Actual digital speaker driver technology not only exists, but is quite mature, having been experimented with extensively by Bell Labs as far back as the 1920s. The design of these is disarmingly simple; the least significant bit drives a tiny speaker driver, of whatever physical design seems appropriate; a value of “1” causes this driver to be driven full amplitude, a value of “0” causes it to be completely shut off. (This allows for high efficiency in the amplifier, which at any time is either passing zero current, or required to drop the voltage by zero volts, therefore theoretically dissipating zero watts at all times). The next least significant bit drives a speaker of twice the area (most often, but not necessarily, a ring around the previous driver), again to either full amplitude, or off. The next least significant bit drives a speaker of twice this area, and so on.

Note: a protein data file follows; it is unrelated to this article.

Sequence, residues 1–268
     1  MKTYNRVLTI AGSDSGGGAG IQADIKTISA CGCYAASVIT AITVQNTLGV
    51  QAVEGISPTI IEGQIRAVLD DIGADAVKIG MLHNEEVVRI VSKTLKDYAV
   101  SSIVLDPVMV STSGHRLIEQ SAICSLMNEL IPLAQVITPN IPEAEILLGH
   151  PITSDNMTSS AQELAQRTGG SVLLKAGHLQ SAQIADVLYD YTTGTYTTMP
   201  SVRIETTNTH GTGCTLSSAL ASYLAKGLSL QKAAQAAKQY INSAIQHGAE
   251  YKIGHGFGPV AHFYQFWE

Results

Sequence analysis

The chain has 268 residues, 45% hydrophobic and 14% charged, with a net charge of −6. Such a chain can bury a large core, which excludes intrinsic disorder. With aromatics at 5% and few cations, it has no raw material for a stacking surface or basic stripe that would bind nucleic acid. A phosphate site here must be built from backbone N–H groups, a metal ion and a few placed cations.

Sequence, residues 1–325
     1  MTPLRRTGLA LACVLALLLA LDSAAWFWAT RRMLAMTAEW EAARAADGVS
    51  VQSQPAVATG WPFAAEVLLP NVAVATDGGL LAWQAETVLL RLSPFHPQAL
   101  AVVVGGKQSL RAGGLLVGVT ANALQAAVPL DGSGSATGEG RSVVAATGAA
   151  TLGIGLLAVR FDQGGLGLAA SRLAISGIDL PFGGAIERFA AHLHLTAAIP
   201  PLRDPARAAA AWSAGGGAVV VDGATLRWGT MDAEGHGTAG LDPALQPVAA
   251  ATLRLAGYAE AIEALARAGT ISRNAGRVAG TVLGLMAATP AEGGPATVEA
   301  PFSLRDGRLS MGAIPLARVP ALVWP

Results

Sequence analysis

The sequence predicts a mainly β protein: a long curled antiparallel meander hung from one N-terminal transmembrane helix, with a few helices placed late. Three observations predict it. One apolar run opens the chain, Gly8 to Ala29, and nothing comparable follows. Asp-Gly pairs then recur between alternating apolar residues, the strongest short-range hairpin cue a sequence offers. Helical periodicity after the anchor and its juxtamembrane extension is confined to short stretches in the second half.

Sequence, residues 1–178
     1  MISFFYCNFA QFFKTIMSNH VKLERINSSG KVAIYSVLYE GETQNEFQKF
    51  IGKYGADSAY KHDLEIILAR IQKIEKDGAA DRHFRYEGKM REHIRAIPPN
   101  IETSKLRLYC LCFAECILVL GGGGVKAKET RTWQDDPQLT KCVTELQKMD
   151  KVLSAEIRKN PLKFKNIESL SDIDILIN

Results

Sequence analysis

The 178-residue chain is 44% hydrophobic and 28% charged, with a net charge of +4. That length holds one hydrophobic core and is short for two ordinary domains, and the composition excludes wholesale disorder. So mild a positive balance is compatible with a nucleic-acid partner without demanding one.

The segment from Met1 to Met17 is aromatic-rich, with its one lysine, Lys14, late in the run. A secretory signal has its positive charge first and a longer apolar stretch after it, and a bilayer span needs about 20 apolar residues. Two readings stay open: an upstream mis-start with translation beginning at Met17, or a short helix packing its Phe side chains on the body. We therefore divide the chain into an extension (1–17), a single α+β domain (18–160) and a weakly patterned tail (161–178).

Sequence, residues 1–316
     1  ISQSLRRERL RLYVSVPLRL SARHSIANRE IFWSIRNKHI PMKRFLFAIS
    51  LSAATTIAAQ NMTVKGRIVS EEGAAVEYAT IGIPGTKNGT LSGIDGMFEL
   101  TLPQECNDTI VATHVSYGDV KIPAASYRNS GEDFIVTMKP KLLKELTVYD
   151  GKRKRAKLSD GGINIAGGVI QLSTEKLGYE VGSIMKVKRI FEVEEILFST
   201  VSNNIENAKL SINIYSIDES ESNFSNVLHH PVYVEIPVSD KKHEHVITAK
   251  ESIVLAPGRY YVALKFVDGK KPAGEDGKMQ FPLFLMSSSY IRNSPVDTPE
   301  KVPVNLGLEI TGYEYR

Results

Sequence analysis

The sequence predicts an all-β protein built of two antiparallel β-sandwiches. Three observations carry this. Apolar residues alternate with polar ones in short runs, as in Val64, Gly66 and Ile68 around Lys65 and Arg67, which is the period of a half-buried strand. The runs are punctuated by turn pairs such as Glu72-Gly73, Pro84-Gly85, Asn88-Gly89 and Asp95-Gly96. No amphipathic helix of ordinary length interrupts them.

There are two problems with this design which led to its being abandoned as hopelessly impractical, however; firstly, a quick calculation shows that for a reasonable number of bits required for reasonable sound reproduction quality, the size of the system becomes very large. For example, a 16 bit system to be compatible with the 16 bit audio CD standard, starting with a reasonable 2 square inch driver for the least significant bit, would require a total area for the drivers of over 900 square feet. Secondly, since this system is converting digital signal to analog, the effect of aliasing is unavoidable, so that the audio output is “reflected” at equal amplitude in the frequency domain, on the other side of the sampling frequency. Even accounting for the vastly lower efficiency of speaker drivers at such high frequencies, the result was to generate an unacceptably high level of ultrasonics accompanying the desired output. In electronic digital to analog conversion, this is addressed by the use of Low-pass filters to eliminate the spurious upper frequencies produced; however, this approach cannot be used to solve the problem with this digital loudspeaker, since it is the last link in the audio chain.